THERE is no legitimate religious reason for refusing to be vaccinated against COVID-19, says a Steinbach councillor who spoke about anti-vaccine sentiment in the southeast Manitoba city at a recent civic meeting.

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THERE is no legitimate religious reason for refusing to be vaccinated against COVID-19, says a Steinbach councillor who spoke about anti-vaccine sentiment in the southeast Manitoba city at a recent civic meeting.

"There is nothing in the Christian faith tradition that prohibits vaccination," Michael Zwaagstra said. "The simple reality is that any Christian who objects to the COVID-19 vaccines is doing so out of personal preference and not because of anything taught in the Bible."

GRANT BURR / THE CARILLON</p><p>Michael Zwaagstra.</p>

GRANT BURR / THE CARILLON

Michael Zwaagstra.

Zwaagstra, who has been a city councillor since 2006, made the remarks Tuesday.

He said he respects people who decide not to be vaccinated for personal reasons but "We must remember that accepting or refusing a vaccine is a personal choice and not a test of religious faith."

Zwaagstra took issue with the claim being anti-abortion is a reason to not be vaccinated.

Citing research found on the provincial government website, and other "reputable" medical websites, he said fetal tissue was not used to develop the COVID-19 vaccines.

Instead, he said, they were tested on fetal cell lines grown in a laboratory and aborted fetal cells that made up those lines were collected decades ago.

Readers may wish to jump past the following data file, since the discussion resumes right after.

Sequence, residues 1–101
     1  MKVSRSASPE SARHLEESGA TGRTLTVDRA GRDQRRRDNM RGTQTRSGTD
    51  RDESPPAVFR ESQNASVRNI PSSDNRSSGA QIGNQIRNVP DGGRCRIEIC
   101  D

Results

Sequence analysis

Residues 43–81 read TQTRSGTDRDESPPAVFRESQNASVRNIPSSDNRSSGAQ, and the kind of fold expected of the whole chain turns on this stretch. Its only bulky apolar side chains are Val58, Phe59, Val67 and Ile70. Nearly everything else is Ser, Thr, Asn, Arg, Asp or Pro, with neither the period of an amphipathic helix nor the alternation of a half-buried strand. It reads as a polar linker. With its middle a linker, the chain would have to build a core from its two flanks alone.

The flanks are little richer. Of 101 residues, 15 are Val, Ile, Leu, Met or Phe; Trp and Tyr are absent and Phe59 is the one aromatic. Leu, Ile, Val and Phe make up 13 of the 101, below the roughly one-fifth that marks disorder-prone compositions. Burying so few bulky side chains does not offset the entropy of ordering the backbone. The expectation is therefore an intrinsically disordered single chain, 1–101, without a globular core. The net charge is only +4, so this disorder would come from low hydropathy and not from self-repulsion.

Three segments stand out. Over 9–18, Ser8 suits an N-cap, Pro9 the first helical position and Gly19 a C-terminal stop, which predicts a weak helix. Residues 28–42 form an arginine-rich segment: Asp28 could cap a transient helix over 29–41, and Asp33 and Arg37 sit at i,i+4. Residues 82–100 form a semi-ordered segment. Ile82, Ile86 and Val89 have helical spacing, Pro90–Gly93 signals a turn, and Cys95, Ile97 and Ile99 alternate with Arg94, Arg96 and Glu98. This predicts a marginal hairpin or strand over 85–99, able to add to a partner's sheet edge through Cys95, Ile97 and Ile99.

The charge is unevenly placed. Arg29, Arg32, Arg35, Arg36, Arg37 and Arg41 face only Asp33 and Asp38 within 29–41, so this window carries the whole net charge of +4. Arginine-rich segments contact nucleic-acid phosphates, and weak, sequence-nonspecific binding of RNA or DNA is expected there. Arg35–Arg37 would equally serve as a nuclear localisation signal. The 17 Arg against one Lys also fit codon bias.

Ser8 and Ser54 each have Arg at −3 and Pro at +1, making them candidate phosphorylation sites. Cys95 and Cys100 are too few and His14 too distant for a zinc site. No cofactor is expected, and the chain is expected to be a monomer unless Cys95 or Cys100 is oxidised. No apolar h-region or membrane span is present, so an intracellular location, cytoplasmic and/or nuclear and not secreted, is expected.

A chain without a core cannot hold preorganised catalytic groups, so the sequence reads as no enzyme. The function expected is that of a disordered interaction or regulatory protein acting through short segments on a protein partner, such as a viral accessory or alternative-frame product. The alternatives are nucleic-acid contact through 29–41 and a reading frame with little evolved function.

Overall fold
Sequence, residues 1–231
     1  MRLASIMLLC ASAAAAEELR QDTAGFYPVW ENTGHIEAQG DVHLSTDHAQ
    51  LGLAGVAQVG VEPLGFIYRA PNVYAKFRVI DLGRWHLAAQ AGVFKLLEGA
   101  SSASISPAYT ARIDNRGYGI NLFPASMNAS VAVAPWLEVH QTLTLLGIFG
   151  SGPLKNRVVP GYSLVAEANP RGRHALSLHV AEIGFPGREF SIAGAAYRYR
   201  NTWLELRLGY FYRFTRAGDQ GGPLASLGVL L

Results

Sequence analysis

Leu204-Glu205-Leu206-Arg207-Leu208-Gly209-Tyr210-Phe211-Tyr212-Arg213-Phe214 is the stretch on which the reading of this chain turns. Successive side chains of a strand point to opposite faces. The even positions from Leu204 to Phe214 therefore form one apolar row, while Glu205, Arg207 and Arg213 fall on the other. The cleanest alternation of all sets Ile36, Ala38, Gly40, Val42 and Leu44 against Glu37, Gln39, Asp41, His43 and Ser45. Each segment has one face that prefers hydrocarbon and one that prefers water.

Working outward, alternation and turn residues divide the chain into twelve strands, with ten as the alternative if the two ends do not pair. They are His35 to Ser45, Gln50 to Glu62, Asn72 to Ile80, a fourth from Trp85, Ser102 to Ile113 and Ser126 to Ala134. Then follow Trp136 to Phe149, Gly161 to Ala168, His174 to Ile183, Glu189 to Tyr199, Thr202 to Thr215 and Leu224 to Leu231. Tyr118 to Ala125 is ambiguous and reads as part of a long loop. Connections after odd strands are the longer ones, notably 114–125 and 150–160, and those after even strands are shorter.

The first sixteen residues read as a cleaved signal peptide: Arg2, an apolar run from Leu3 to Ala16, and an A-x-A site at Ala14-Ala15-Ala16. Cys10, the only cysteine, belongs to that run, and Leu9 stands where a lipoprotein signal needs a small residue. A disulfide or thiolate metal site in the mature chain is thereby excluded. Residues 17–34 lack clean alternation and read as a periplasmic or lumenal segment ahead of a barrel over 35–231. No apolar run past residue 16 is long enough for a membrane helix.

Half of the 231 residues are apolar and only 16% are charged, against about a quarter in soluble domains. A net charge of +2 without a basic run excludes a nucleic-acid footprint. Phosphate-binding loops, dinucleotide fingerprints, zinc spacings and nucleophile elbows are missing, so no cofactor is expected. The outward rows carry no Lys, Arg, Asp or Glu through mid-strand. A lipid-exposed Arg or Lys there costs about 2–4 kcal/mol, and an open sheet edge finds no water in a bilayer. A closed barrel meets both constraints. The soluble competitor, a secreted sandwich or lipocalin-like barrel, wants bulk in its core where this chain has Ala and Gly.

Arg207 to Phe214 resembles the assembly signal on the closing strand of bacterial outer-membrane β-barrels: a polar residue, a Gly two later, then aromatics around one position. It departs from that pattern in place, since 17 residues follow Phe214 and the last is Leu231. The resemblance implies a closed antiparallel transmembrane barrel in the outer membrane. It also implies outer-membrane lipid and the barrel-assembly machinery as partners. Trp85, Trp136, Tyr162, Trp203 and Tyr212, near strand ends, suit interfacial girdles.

"If you boycott the COVID-19 vaccines, you will also need to avoid drugs such as Tylenol, Advil, Aspirin, Claritin, Tums, Benadryl, Robitussin and Pepto Bismol," he said, noting those drugs were tested on the same fetal cell line as the Pfizer and Moderna vaccines.

Even Ivermectin, which is touted by anti-vaxxers as a cure for COVID-19, was tested the same way, he said.

In an interview with the Free Press, Zwaagstra, 45, who is vaccinated and in the process of becoming a member of the Steinbach Mennonite Brethren Church, said he made the remarks because he has heard people argue against the vaccine based on religious reasons.

"People tell me it goes against the Christian faith," Zwaagstra said, adding he decided to speak out when he learned Springs Church in Winnipeg planned to offer a "religious exemption" to its members.

"But there is nothing in the Bible or Christianity at all that says that."

If anything, said Zwaagstra, who teaches at Green Valley School in Grunthal and is an adjunct faculty member at Steinbach Bible College, "There is a stronger biblical case for getting vaccinated such as obeying the government and loving your neighbours."

Response to his stance has been positive, he said, both from those who are vaccinated and those who oppose vaccinations.

"They agree that we shouldn’t turn getting vaccinated into a religious test," he said.

He also received support for his view it’s a mistake to insert the abortion debate into the vaccination issue.

"I’m pro life, and if I thought making the vaccines would lead to more abortions, then I would have a different view," he said.

He praised the Manitoba government for taking a "balanced" approach to mandates rather than taking a hard-line stance.

Zwaagstra knows people who have battled COVID-19, some of whom have died.

"This is real," he said, adding the surging number of cases and deaths in the Southern Health region, which includes Steinbach, means fewer people are claiming the pandemic is made up.

"The ICUs are full," he said. "It’s a real problem."

fpcity@freepress.mb.ca

John Longhurst

John Longhurst
Faith reporter

John Longhurst has been writing for Winnipeg's faith pages since 2003. He also writes for Religion News Service in the U.S., and blogs about the media, marketing and communications at Making the News.